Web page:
They’ve all enjoyed their time hanging out with and learning from the vets, added Seger.
“They care about ushering in the next generation,” he said. “They don’t want to just go out on top – they want to make sure that there are fast skiers coming in to replace them, and that Canadian ski racing will continue to be strong. That’s one of the best things about having them as role models and teammates – they want to help us develop and see us move into their place.”
There are other young racers from across Canada who are ready to jump into the starting gates, but for sheer numbers the North Shore crew is quite remarkable.
Brodie Seger, at age 22, is the elder statesman of the group. He’s made nine World Cup starts, his best result a 43rd in downhill at Garmisch-Partenkirchen in January. Mulligan describes Seger as a racer that has worked hard for every inch of snow he’s carved.
“His greatest strengths are probably his organization and the way he goes about his business,” said Mulligan. “He’s very professional, just doing what he needs to do, in the gym, in the summertime, keeping on top of his body. … Brodie, and his brother Riley is the same way, these are guys that when they are fast, it’s because they’ve put in all the work. No one will be surprised that they’re fast, no one will question that they got there by luck.”
The Seger boys grew up in the Whistler Ski Club along with Alexander and Fleckenstein. Riley Seger, 16 months younger than his brother, scored a bronze medal in downhill at the 2016 national championships, while Alexander just earned his first Nor-Am cup medal, a downhill silver on Dec. 6.
Mulligan may be the most decorated of the bunch. He has nine total Nor-Am Cup medals and has made five World Cup starts, his top finish a 48th place at the legendary Kitzbuehel course in January. He won silver in downhill at the 2018 Junior World Championships in January.
“One of the things I admire about Sam is his ability to really send it when he needs to,” said Brodie Seger. “He’s not only a strong technical skier but he can give a very strong tactical approach as well, and he knows how to risk it and be smart when he needs to.”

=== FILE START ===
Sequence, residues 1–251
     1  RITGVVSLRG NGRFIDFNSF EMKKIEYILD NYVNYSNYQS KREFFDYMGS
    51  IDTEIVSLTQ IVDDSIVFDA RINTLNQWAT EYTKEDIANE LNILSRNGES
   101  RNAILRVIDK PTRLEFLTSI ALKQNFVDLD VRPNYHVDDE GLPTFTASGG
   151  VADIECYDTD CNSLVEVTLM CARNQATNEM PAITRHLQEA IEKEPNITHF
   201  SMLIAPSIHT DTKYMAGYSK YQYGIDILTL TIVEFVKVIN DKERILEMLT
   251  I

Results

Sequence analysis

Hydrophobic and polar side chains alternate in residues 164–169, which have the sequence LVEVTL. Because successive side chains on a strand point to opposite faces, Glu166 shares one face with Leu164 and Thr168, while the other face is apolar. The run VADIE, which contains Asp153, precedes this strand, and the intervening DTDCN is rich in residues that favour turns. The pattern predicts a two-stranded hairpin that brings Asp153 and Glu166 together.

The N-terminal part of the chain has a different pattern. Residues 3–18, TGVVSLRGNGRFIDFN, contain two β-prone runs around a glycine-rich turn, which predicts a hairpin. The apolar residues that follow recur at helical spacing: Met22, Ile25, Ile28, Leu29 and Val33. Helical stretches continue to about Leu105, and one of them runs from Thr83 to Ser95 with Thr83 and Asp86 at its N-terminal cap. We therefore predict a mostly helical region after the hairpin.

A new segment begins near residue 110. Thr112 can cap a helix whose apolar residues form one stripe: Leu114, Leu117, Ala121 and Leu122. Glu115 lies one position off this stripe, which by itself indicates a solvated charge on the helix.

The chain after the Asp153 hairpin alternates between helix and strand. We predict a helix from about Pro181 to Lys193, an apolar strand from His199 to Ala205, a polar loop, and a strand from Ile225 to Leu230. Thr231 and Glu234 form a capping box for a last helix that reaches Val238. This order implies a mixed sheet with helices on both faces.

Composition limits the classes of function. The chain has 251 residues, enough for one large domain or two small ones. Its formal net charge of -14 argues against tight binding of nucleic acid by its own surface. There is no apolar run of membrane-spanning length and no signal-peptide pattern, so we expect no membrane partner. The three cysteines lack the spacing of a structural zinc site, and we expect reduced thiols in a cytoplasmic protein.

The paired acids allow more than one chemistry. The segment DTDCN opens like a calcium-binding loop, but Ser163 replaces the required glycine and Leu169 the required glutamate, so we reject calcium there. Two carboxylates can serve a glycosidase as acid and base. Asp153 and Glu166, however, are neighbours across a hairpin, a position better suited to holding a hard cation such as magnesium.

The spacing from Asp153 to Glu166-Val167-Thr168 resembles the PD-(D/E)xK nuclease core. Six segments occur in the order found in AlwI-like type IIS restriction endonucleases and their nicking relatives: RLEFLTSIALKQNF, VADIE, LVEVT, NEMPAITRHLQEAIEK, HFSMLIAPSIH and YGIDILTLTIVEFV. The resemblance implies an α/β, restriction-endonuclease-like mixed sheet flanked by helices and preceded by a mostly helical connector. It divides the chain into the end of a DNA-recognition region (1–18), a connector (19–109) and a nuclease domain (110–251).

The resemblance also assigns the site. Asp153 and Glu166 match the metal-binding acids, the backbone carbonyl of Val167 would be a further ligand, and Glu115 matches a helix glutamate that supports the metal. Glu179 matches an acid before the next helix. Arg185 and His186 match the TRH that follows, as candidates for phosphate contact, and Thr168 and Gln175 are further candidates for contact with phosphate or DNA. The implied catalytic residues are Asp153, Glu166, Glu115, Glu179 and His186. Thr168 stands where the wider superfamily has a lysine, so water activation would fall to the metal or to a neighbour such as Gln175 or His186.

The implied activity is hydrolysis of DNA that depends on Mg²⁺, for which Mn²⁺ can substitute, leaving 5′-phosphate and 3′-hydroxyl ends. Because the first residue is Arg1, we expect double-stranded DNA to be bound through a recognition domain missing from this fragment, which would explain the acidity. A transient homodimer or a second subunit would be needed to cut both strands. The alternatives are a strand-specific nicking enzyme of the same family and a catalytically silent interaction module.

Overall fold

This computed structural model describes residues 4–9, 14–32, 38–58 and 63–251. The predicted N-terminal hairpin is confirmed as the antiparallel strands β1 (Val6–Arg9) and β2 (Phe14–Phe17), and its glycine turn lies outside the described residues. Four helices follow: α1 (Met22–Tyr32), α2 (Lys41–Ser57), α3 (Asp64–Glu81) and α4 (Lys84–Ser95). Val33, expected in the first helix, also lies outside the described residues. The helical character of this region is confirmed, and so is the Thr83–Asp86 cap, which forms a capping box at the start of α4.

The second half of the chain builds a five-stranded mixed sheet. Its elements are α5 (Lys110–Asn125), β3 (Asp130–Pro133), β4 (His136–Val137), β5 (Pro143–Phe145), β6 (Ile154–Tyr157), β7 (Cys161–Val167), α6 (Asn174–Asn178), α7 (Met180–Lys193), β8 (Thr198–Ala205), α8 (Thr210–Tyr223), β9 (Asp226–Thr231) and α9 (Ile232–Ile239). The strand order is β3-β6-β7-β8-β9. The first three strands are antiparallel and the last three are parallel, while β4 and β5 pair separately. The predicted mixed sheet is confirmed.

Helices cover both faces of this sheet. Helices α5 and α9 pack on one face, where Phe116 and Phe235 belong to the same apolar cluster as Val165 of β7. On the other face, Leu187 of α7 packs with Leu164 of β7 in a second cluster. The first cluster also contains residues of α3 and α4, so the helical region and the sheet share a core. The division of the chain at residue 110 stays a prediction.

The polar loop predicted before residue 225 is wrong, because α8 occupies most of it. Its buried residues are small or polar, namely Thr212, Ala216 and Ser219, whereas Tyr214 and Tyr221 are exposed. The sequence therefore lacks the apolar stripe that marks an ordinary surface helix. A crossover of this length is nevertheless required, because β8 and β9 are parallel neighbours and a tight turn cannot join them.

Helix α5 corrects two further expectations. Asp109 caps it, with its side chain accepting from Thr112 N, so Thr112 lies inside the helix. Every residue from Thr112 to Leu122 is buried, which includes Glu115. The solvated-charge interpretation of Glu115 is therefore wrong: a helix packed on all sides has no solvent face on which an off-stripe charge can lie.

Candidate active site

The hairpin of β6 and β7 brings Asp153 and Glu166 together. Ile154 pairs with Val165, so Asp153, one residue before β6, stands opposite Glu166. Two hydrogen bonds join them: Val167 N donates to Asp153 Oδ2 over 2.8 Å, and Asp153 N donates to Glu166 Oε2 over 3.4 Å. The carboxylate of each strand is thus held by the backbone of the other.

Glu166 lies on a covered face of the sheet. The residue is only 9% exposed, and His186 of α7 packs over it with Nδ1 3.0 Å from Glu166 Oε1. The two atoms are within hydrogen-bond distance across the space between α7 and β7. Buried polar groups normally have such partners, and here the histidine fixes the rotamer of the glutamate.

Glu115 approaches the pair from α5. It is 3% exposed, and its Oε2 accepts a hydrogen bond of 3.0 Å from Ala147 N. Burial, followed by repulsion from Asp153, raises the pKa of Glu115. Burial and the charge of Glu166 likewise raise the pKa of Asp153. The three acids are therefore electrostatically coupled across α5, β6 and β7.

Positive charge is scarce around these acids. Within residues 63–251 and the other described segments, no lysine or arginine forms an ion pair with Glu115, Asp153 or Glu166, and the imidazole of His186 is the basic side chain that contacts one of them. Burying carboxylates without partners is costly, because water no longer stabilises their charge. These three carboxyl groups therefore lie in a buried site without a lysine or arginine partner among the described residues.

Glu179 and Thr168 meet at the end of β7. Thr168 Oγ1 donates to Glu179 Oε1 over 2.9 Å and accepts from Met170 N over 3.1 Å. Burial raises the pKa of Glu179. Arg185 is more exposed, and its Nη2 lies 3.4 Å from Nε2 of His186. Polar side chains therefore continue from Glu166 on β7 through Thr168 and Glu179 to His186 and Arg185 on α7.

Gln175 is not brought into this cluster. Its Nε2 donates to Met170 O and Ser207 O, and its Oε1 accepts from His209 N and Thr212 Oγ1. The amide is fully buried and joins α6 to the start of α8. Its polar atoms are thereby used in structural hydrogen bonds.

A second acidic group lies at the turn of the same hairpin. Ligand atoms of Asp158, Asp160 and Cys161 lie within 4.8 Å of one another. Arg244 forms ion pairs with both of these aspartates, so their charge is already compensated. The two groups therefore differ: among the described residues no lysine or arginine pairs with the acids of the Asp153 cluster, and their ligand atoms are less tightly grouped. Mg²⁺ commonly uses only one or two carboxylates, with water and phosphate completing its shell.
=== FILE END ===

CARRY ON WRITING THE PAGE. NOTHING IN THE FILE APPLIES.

Both Seger boys, Mulligan and Alexander are all classified as members of Alpine Canada’s Europa Cup team, while Jordan, a couple years younger than most of the crew, is a member of the national development team. Many of them have known each other for years, some since elementary school. Ski racing is an individual sport, but this tight-knit group has worked as a team to push each other on the hill, said Seger.
“We’re always competitors, but I think that’s one of the reasons we are so good as a team,” he said. “We understand that the only way we’re going to be more successful as individuals is if we push each other as a team. Especially in the summer when we’re in the gym and stuff – we’re not competitors then because there’s no reason to be against each other then. We do our best to lift each other up at that point. When it comes to training on snow, we’re always pushing each other. We’re always competing with each other but we know that’s because that’s the only way that we’re all going to get better. If one person is skiing super fast one day, everybody is just that much more hungry to catch up to them.”
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They haven’t earned that group nickname yet, but the North Shore crew is proud of what they’ve been able to accomplish so far on the slopes.
“I’m really proud of it,” said Seger. “First of all, I love where we live and where we come from and I think it’s really cool that we also have this group that has known each other for such a long time and we’re all kind of moving up together.”
“I think it just goes to show that the guys who came before us like Manny or Robbie Dixon or the Pridy brothers or Mike Janyk … we were lucky to have them in B.C. when we were growing up and the job they did to stay involved in the sport and mentor us on the way up,” added Mulligan. “It was pretty special the system we got to come up through, and just to see guys had success before us and had coaches that could guide us there, it really just made it possible.”
They have big goals too, and hope that someday soon they’ll make a name for themselves.
“We want to be showing up at these World Cups and being the guys that could win it on any given day,” said Mulligan. “There’s been these phases of Canadians – the Cowboys or Canucks – where on the global stage they were recognized as the guys that were out there and you never knew what they were going to do, but they could be super fast on any given day. I think if we can bring that, and maintain our culture and show how much fun we’re having doing it, I think that’s sort of our goal as a group.”
“We want to be that next named generation,” said Seger. “We want to fill these guys’ shoes and we want to continue to show that Canada can be one of the best ski racing nations in the world.”
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The North Shore crew and other young West Coast racers will be holding a fundraiser in support of their training and racing program on Thursday, Dec. 27 starting at 8 p.m. at Whistler’s Buffalo Bills. Tickets, $40, include two drinks, appies, oysters and live entertainment. For more information visit showpass.com/aimingforthepodium.